How Do You Switch Specialties as a Nurse Practitioner?

If you are already a nurse practitioner, your education has prepared you for a general area of practice. If you attended an Acute Care NP Program, for example, you are qualified to work in the ICU, CCU, and a wealth of other specialty clinics and hospital settings. Or, perhaps as a Pediatric Nurse Practitioner you are prepared to diagnose and treat kids. But, what if you want to switch it up mid-career?

Maybe you are burnt-out in your urology practice and are looking to go derm. Or, maybe pediatrics has you frazzled and you might feel more grounded working with adults. 

Switching specialties as a nurse practitioner is relatively simple and can occur in two ways, with a new job or by supplementing your education. Lets take a quick look at these scenarios. 

Switching Specialties by Seeking New Employment

If the new specialty or practice area in which you want to work fits within the scope of practice of your educational preparation, you're in luck. You won't have to go back to school. All you need to do is seek employment in the new specialty of your choosing. For example, if you are prepared as a Family Nurse Practitioner, your broad foundation allows you to work with patients of all ages in many settings. You could choose to work in a dermatology, cardiology, or gerontology practice to name a few. If you are an Acute Care Nurse Practitioner by education, you can easily switch from practicing in the ICU to working in an orthopedic or gastroenterology clinic, for example.

Switching specialties does require on the job learning and without specialty specific experience you will be at a bit of a disadvantage in the job market. But, once you find an employer willing to put in the effort to train you, you can switch areas of practice with ease.

Switching Specialties by Supplementing Your Education

If the specialty in which you want to work isn't encompassed by your educational background, you will need to attend an NP program for additional training. Acute Care Nurse Practitioners, for example, are not certified to treat children. So, an Acute Care NP wanting to branch into pediatrics would need to acquire an additional Pediatric Nurse Practitioner certification. This involves attending an NP program for pediatric education and taking the national Pediatric Nurse Practitioner certification exam. Adding a NP specialty to your educational repertoire usually takes about a year.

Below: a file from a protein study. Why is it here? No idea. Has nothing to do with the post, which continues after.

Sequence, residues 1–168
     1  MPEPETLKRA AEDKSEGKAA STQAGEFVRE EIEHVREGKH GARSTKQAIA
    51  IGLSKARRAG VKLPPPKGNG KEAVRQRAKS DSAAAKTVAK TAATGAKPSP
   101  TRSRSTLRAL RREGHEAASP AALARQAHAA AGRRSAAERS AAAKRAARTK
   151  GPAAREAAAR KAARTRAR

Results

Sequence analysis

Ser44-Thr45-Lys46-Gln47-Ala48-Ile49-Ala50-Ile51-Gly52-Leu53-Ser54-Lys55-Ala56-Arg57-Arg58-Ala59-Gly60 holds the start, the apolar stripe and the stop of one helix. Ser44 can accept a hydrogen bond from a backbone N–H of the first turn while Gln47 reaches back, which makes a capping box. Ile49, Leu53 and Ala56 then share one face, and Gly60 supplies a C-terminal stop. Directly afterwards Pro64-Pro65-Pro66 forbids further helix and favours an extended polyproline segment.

Obtaining an additional specialty requires less time, cost, and effort than your initial NP certification. Adding a specialty demands fewer courses and is therefore completed in a cost-effective manner. If you choose to switch specialties and are already a nurse practitioner, consider attending an online program as this will give you the flexibility to continue in your current employment while allowing you to further your education.

The ability to change areas of practice throughout your career is an advantage to nurse practitioners. Switching specialties can help you avoid monotony and burn-out as well as make you an expert in multiple areas of medicine.

Are you considering a mid-career specialty switch?


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Do you have ideas on how to get surgical experience if already working as ACNP? Thanks for your help!


Is it possible to drop the peds from my FNP and take the Adult Gero NP Exam? I have not seen peds and from what I remember from my program the FNP took exactly the same course work as the Adult Gero NP track with just the addition of the pediatric course.


What are the requirements to switch from Pediatric Primary Care Nurse Practitioner to Family Nurse practitioner?
Thank you

Eve Ali

What would it take to switch from FNP to acute care NP?


So what if you're a WHNP with a MSN? What would a switch to an adult NP entail.


Hi Vicky, 

A Women's Health NP would need to complete a post-master's degree to become a Family Nurse Practitioner. This is typically a one-year program part-time. Some schools may offer the degree online. 

Erin Tolbert

We have an employee that is a Women's Health Nurse Practitioner, what would be involved for her to become a Family Nurse Practitioner?

Vicky Wells

Hi Cindy, 

Yes - you can contact schools directly for more more information. You can also check out this blog post about how long it takes to get an additional nurse practitioner specialty

Erin Tolbert

I assume you would just contact the school to find out about a bridge program?


Hi Sierra,

Yes, it is possible to become a FNP then later a PMHNP. It would require about one year of additional schooling. It is possible this could be done through an online program.  

Erin Tolbert